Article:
If Gen Z spearheaded the early Y2K revival, with perhaps a somewhat misplaced affection for low slung jeans and diamanté, then it’s fitting that the arbiters of that original scene are now solidifying the era’s relevance with moves of their own. Liberty Ross is a case in point, the 44-year-old Ladbroke Grove bornmodel and proprietor of Flipper’s Roller Boogie Palace (the coolest thing to happen to roller skating and Shepherd’s Bush) is the face of Agent Provocateur’s jaw-dropping new autumn campaign.
She joins a coterie of fashion stars who made their names in the Nineties era similarly cementing this season with their presence. Apple TV+’s upcoming documentary The Super Models will follow Naomi Campbell, 53, Christy Turlington, 54, Linda Evanglista, 58, and Cindy Crawford, 57. Phoebe Philo’s erstwhile Céline muse — Daria Werbowy, 39 — is now Gucci’s new campaign woman. And Kristen McMenamy, 58, is on the cover of Selfridges’ new Yellow Pages magazine. That the grown ups are back on set is perhaps testament to the reality that while brands might spend their marketing budget chasing youth, the women actually buying luxury fashion are turned on more by muses relevant to them and their life stage.
“I felt exactly how I would used to feel,” says Ross via Zoom from her LA home, reflecting on the shoot where she looks extraordinary in red latex pieces, gold nipple pasties and a pair of custom made stiletto roller skates. “I was like, ‘Oh my God.’ I forgot I’m a mum, I have two children. But I feel exactly the same, better than ever. To me modelling was always about a sense of freedom. You get to become somebody else.”
The shoot is as sexy as one would expect from the Soho-based brand which re-invented the luxury fashion lingerie market in the Nineties when Vivienne Westwood’s son Joe Corré and then-wife Serena Rees launched it. Sarah Shotton, the brand’s creative director since 2010, says of enlisting Ross for that campaign that “for a product as sensual as ours to look believable, above all else the woman wearing it has to be comfortable in her own skin and fully owning her sexuality.” The pictures were shot in Los Angeles, at the James Goldstein house which featured in The Big Lebowski, and was used by Helmut Newton.
Ross’s first taste of fame came at age 10, when she appeared as a baby goth bride on the cover of Ozzy Osbourne’s No Rest For The Wicked album in 1987. She was scouted by Corinne Day on Portobello Road at age 13, but resisted the modelling world until she had finished at Holland Park School . “That’s when Mario [Testino] put me in Vogue,” she recalls. While the clothes of that era might be back, that sense of serendipity that came with discovering new faces is different. “What I can see in all kinds of businesses is this [obsession] with Instagram following, which I find really depressing,” muses Ross. “The girls today, they [all] look the same whereas in my day, it was all about looking different. You would shoot something and look completely different in seven campaigns, even if they all came out at the same time. Today it’s like boom, let’s use this one because this is how she looks and she looks the same in every single campaign.”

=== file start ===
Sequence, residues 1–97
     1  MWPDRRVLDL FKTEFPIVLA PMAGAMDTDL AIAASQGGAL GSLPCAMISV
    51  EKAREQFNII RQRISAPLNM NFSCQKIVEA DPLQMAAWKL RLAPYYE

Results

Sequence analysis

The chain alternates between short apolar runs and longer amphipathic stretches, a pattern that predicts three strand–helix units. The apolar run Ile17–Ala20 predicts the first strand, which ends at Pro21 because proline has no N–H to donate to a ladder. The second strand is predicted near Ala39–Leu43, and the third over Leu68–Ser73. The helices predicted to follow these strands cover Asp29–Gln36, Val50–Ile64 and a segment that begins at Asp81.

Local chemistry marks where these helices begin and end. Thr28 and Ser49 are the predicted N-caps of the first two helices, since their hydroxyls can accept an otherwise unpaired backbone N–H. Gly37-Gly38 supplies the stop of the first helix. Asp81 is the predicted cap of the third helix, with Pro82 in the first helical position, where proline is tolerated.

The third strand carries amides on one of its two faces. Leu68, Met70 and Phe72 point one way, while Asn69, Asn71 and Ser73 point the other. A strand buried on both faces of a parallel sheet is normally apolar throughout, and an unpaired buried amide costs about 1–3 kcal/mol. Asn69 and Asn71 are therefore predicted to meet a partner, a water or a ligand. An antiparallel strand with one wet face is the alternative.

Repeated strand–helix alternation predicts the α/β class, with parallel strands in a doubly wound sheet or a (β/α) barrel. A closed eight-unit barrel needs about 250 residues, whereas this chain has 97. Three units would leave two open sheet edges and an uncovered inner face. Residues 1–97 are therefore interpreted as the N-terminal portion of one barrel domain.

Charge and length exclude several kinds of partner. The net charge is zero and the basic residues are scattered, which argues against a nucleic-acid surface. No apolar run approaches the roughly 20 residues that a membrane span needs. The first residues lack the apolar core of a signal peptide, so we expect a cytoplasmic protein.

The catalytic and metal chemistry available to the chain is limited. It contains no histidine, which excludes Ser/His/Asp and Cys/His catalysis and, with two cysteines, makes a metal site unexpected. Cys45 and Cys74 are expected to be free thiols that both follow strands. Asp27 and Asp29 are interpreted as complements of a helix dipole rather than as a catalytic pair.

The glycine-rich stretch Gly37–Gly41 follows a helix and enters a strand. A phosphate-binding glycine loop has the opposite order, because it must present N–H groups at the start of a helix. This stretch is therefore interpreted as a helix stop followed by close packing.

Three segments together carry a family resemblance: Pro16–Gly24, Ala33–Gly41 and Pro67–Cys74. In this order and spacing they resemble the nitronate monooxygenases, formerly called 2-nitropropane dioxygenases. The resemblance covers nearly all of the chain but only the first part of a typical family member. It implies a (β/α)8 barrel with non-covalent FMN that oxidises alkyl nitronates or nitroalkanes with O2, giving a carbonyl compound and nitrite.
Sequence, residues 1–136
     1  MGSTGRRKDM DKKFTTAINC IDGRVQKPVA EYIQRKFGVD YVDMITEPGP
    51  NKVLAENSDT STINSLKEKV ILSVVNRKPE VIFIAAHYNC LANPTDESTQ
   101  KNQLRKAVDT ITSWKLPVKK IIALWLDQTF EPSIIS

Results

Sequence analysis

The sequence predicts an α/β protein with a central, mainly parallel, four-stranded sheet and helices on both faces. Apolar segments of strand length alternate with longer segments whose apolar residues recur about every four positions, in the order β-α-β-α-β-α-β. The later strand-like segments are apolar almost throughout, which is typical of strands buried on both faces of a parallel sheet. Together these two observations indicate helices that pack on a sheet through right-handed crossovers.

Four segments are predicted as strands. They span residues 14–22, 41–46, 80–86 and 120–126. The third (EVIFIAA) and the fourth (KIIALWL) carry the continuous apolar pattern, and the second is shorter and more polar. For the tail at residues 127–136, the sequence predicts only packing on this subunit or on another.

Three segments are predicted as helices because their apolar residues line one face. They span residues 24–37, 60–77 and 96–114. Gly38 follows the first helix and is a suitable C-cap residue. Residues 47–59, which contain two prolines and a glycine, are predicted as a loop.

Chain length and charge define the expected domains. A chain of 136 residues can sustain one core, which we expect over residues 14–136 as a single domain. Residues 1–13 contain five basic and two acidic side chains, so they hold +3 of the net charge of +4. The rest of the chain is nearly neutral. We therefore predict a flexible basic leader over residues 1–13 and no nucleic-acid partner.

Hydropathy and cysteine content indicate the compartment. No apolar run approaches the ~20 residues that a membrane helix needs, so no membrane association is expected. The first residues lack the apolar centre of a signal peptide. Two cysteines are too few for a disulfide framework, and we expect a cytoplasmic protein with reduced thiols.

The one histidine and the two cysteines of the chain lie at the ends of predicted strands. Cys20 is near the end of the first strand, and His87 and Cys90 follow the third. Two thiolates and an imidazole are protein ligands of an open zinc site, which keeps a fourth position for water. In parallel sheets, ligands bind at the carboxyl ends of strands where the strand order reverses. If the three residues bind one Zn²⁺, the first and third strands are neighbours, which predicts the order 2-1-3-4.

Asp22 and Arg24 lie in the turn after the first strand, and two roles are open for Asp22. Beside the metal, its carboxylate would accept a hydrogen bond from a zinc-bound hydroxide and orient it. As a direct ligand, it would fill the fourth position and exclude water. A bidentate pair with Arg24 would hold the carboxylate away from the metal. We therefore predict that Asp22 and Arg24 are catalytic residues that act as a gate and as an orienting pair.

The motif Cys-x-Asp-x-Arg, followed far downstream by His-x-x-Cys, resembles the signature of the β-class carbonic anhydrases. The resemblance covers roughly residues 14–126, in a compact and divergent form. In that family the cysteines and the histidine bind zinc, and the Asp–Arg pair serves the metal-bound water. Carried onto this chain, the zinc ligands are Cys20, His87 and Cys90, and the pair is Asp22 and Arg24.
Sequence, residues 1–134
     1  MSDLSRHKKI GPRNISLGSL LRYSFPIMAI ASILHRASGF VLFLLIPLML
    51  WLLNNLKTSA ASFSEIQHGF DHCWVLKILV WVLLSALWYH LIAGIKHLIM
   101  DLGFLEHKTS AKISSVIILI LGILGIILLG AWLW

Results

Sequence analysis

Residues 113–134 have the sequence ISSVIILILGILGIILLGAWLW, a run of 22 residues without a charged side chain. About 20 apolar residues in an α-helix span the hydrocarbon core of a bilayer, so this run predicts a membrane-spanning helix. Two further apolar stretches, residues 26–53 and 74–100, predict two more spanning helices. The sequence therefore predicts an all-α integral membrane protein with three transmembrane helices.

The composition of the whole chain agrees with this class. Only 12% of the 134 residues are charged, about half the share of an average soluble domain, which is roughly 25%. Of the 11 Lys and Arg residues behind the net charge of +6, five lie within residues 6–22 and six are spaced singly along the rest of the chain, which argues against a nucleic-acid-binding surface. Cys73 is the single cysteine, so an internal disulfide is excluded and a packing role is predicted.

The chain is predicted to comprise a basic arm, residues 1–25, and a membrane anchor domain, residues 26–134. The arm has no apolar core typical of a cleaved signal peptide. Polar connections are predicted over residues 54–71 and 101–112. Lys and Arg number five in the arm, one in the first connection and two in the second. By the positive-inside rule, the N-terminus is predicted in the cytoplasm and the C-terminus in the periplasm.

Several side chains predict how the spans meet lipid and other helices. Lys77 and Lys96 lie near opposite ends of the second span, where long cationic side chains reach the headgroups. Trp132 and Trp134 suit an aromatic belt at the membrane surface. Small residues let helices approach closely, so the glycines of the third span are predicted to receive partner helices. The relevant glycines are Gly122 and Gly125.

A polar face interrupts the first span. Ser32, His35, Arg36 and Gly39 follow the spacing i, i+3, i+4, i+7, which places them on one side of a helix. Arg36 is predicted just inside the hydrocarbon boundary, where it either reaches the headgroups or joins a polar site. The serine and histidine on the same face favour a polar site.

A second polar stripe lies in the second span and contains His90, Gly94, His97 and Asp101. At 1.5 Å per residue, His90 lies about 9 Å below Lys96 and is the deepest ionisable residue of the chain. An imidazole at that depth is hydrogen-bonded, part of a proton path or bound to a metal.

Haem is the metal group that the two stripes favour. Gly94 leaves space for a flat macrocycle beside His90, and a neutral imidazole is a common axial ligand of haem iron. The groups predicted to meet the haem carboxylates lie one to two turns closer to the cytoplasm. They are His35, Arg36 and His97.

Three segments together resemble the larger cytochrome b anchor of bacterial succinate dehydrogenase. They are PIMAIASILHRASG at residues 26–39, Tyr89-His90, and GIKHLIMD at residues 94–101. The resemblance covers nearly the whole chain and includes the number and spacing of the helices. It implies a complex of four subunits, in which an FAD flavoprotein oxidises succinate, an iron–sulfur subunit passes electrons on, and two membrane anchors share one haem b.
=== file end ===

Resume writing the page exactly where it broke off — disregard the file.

She was a face of John Galliano’s Dior and still has “loads of his dresses” in the attic of her mansion in Los Angeles, which she turned into her clothing archive. “I’ve kept everything. I still have the Vivienne Westwood skirt and corset my mother saved up and bought me for my 18th birthday.” Ross’s renaissance — she is also a face of Burberry — comes after a break to raise her two children, 18-year-old Skyla and 17-year-old Sonny. She now regularly moves between Los Angeles, where she lives with her second husband Jimmy Iovine (the retired billionaire founder of Interscope Records and Beats By Dre) and London, where Flipper’s opened last November. The 34,000 square foot venue which she co-owns with Usher is a labour of love, born as a reboot of the original Los Angeles Flipper’s which her parents ran from 1978 to 1981, before returning to London with Ross and her five siblings.
“It was the Studio 54 of the West Coast,” says Ross. “When I moved back to LA 18 years ago (with ex-husband and producer Rupert Sanders), every single day someone would fall over when I told them my dad was Flipper’s.” These fans would tell her that they “saw Prince there, danced with Cher… They had all these unbelievable memories’’. She researched a book on the venue, which led to the post-Covid re-opening in west London, and subsequent New York outpost at Rockefeller Centre. “I didn’t think I was going to re-open Flipper’s, but it’s just been one thing after another.” Her parents and sister still live in Ladbroke Grove, where her London home is across the street. Her 78-year-old mother skates at Flipper’s every week. Beyond the Ross family, it is something of a burgeoning scene. Billie Eilish recently held her climate action party there. Ross is back in town this week for London Fashion Week and her birthday party will be at Flipper’s.
What do her children think of her modelling work? “I’ve never asked! It’s only recently that I’ve started building my business and getting these opportunities again. I mean, they pretend that they don’t love everything I’m doing, but I think they’re actually pretty inspired.”